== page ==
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Part Two – Effects of Oregano Essential Oil On in Vitro Ruminal Fermentation, Methane Production, & Ruminal Microbial Community

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Ruminant livestock production has been identified as a significant contributor to greenhouse gas emissions (Gerber et al., 2013). Seventy-one percent of the methane produced by enteric fermentation originates from ruminal fermentation (Gerber et al., 2013). In recent years, numerous strategies to mitigate methane emissions through the modulation of ruminal fermentation have been reported. Feeding natural feed additives has shown promising results (Hristov et al., 2013; Knapp et al., 2014). Among these natural additives, most are sourced from several plant types as secondary metabolites that have been reported to be useful in animal feeding (Wallace, 2004; Kamra et al., 2006), such as saponins, tannins, and essential oils (EO), which have demonstrated antimicrobial activities (Bakkali et al., 2008). Among these secondary metabolites, EO gets the most attention and are being investigated as alternatives to antibiotics in animal nutrition (Greathead, 2003; Froehlich et al., 2017).

In addition, EO and their bioactive compounds have been confirmed to modify ruminal fermentation by enhancing the efficiency of energy utilization while decreasing methane emissions (Tekippe et al., 2010; Joch et al., 2016). Essential oils have also been investigated as potential modifiers of ruminal biohydrogenation of dietary lipids to enhance the healthful characteristics of milk and meat (Durmic et al., 2008; Lourenço et al., 2008). Oregano (Origanum vulgare L.) is an herb with higher antioxidant capacity than other medicinal herbs (Dragland et al., 2003; Matsuura et al., 2003). The primary constituents of oregano EO (OEO) are carvacrol, γ-terpinene, thymol, p-cimene, and linalool, depending on origin and type of OEO (Sivropoulou et al.,1996; Baser, 2002). Oregano EO has been reported to have the second-highest oxygen radical absorbance capacity compared with the clove (the highest), followed by cinnamon, ginger, and rosemary EO (Bentayeb et al., 2009).

Thymol is a monoterpene with potent antimicrobial activity against a wide range of gram-positive and gram-negative bacteria and is one of the most actively researched EO (Burt, 2004). Carvacrol is a phenolic compound similar to thymol found in oregano, which also has potent antimicrobial activity. Busquet et al. (2005b) reported that carvacrol (2.2 mg/L) decreased large-peptide concentrations and increased ammonia nitrogen concentrations two h after feeding, using an in vitro long-term ruminal continuous culture system. Wang et al. (2009) evaluated a commercial OEO preparation (active chemical compounds: carvacrol, thymol) that demonstrated approximately a 12% decrease in methane production in sheep, similar in magnitude to methane production levels with flavomycin and Yucca schidigera (i.e., saponins). Oregano leaf material as an anti-methanogenic plant product, with no adverse effects on ruminal fermentation or NDF degradability, has been reported in vitro (Tekippe et al., 2010).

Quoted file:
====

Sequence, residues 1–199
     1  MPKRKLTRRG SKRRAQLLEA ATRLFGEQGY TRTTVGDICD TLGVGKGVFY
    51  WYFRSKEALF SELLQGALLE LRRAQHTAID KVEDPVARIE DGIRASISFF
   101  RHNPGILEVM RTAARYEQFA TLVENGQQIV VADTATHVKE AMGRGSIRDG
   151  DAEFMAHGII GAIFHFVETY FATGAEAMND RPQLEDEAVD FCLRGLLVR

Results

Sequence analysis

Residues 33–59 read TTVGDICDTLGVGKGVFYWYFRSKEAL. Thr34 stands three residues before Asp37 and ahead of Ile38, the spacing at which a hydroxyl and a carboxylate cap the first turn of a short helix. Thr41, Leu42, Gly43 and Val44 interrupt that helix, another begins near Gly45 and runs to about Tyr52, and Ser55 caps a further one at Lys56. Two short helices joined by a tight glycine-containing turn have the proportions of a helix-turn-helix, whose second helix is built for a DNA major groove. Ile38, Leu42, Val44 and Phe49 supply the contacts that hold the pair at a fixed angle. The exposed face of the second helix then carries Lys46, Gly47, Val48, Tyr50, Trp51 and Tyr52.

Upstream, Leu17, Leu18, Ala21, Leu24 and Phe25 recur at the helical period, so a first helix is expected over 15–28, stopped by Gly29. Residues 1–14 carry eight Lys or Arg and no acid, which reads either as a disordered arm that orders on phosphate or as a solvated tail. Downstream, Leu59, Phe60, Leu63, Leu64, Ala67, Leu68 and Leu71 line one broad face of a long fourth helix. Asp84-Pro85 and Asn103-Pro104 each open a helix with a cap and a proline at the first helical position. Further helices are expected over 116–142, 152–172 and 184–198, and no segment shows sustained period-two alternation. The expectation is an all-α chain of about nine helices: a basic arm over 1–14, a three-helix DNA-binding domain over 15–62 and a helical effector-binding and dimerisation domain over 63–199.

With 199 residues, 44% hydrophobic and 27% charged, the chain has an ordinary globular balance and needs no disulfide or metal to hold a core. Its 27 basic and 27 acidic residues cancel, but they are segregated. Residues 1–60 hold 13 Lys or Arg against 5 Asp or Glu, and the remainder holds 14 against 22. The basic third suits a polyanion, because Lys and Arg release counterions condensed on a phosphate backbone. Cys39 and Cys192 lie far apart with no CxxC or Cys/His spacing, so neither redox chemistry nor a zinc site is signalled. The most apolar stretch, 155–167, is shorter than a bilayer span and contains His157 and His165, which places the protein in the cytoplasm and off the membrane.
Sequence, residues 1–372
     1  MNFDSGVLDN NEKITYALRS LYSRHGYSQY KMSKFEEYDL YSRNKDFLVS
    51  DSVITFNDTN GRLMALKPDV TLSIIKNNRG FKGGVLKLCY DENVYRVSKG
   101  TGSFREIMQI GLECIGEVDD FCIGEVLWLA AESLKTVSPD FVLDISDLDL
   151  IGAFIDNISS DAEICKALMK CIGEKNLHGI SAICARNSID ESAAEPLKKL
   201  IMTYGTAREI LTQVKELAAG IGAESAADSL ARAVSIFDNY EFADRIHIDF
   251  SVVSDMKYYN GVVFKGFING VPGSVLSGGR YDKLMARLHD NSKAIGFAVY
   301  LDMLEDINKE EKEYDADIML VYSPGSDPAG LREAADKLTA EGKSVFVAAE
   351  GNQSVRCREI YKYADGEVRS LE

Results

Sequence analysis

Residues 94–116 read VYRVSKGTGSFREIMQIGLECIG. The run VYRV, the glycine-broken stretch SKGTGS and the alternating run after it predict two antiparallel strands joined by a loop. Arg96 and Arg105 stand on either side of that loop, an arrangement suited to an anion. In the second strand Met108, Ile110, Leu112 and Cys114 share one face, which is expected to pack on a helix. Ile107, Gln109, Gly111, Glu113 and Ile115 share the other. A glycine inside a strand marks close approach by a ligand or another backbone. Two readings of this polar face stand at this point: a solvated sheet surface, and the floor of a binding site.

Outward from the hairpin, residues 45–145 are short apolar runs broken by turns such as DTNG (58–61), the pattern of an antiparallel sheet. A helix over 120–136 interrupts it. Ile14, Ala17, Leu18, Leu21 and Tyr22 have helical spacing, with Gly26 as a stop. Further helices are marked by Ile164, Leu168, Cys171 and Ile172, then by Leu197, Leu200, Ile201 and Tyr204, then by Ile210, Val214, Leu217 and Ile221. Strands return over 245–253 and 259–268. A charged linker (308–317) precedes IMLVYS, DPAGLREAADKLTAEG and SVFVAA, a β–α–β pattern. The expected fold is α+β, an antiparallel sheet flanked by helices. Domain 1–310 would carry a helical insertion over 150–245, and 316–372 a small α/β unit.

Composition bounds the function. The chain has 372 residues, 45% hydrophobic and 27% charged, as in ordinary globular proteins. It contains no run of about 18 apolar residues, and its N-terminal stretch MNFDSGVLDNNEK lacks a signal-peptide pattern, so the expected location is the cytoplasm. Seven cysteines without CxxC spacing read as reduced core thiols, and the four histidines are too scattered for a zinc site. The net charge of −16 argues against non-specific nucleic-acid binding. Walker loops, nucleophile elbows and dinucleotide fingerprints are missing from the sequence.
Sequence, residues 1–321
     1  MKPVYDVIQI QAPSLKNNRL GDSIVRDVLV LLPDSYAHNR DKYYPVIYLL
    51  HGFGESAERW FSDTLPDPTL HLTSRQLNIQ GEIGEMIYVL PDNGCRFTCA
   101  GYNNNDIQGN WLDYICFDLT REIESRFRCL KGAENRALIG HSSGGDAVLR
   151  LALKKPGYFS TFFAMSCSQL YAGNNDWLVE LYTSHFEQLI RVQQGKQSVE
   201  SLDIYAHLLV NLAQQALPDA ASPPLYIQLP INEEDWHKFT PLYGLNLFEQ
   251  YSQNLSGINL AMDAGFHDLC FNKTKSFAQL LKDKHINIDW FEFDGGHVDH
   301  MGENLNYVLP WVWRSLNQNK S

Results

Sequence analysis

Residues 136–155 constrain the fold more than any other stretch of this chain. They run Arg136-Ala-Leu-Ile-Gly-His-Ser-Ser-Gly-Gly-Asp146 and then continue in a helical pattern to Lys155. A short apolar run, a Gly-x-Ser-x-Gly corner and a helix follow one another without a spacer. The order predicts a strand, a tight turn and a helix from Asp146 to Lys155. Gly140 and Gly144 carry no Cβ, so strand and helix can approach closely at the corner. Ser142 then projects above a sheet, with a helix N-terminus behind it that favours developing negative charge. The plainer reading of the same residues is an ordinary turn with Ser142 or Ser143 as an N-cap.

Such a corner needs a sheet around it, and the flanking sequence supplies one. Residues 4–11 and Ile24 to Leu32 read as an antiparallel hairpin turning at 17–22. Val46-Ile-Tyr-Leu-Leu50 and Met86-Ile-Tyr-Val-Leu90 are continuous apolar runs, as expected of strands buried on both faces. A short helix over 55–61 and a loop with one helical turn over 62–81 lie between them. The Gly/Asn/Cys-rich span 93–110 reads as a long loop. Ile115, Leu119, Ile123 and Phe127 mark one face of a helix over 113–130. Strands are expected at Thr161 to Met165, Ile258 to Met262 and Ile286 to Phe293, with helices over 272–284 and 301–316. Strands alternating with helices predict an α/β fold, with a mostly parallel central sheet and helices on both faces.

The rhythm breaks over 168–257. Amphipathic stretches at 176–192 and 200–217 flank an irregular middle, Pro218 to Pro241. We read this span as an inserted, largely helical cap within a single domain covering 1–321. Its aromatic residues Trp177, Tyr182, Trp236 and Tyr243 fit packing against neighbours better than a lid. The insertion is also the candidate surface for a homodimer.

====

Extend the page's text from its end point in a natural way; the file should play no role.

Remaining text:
Oregano EO was tested using a single dose and reduced ruminal methane production by positively improving the total-tract apparent digestibility of dietary nutrients (Liu et al., 2017). The study objectives were to verify our previous results and to evaluate the inclusion rates of OEO to aid in determining the optimal feeding rate. Therefore, the specific study objective was to assess the effects of increasing OEO supplementation rates on ruminal in vitro fermentation, methane production, and ruminal bacterial communities. The hypothesis was that OEO would reduce fermenter methane production while improving feed digestibility and fermentation characteristics.


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Effects on Rumen Fermentation Characteristics

The digestibility of DM, NDF, and ADF increased quadratically (P < 0.03) with increasing OEO inclusion rates. In slight contrast, DM and NDF digestibility were highest for OEO2, whereas ADF digestibility was highest for OEO3 compared with CON, with the remaining treatments being intermediate and similar (P > 0.05). It thus appears that OEO3 would be the optimal feeding rate for future in vivo studies. Fermenter pH demonstrated a linear (P < 0.05) increase with increasing OEO inclusion rate, with the highest pH observed for the highest inclusion rate of OEO (OEO4). In contrast with fermenter pH, NH3-N concentrations demonstrated a quartic response (P < 0.01) with increasing OEO inclusion rates, such that OEO2 had the lowest (P < 0.05) NH3-N concentrations compared with the CON and OEO1 fermenters. The inclusion rate of OEO demonstrated mixed effects on fermenter VFA concentrations. Microbial CP concentrations demonstrated a quadratic response (P < 0.10), such that the OEO2 fermenter had the highest MCP concentration compared with fermenters CON, OEO3, and OEO4.